Term of Award

Spring 2014

Degree Name

Master of Science in Experimental Psychology (M.S.)

Document Type and Release Option

Thesis (open access)


Department of Psychology

Committee Chair

C. Thresa Yancey

Committee Member 1

Karen Naufel

Committee Member 2

Jeff Klibert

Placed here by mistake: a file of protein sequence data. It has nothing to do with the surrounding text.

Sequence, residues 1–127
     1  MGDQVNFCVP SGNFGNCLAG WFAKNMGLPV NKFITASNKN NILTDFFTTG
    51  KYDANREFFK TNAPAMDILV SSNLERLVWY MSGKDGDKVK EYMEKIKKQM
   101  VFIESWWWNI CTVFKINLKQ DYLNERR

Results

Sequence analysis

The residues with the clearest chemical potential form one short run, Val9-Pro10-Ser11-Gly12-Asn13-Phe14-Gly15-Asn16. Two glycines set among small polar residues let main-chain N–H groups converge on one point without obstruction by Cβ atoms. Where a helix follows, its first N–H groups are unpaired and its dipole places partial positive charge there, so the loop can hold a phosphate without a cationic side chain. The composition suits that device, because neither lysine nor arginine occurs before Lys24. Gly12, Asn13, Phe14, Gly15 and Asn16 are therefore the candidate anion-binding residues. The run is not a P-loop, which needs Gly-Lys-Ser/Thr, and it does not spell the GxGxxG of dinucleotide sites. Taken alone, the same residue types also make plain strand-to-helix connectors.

There is insufficient evidence from the available research to fully determine the relationship between self-esteem and helping behaviors. Specifically, some findings indicate that those with lower self-esteem are less likely to help others than those with higher self-esteem (Michelini, Wilson, & Messe, 1975), while others show the opposite trend (Briggs, Landry, & Wood, 2007). Individuals with a history of childhood trauma are more likely to report low self-esteem than those with no history of childhood trauma (Valerio & Lepper, 2009); also, those with a history of trauma are more likely to help others (Frazier, Greer, Gabrielsen, Tennen, Park, & Tomlich, 2012). Based on the available literature, it is difficult to predict 1. whether someone with low self-esteem will help others more than someone with higher self-esteem, and 2. whether the lower self-esteem reported by those with a history of childhood trauma is related to the likelihood of helping behaviors. The current study investigated these gaps in the literature regarding self-esteem, childhood trauma, and helping behaviors. Participants completed questionnaires on self-esteem and history of trauma experiences and provided demographic information. Additionally, to evaluate current helping behaviors, participants were given the opportunity to further assist the researchers with several tasks. Number of helping tasks completed as well as self-esteem scores were the dependent variables. The results revealed that individuals who report a history of trauma were more likely to endorse lower self-esteem, but were also more likely to engage in helping behaviors than individuals with no history of trauma. Additionally, the results revealed no evidence of self-esteem mediating the relationship between trauma history and helping behaviors.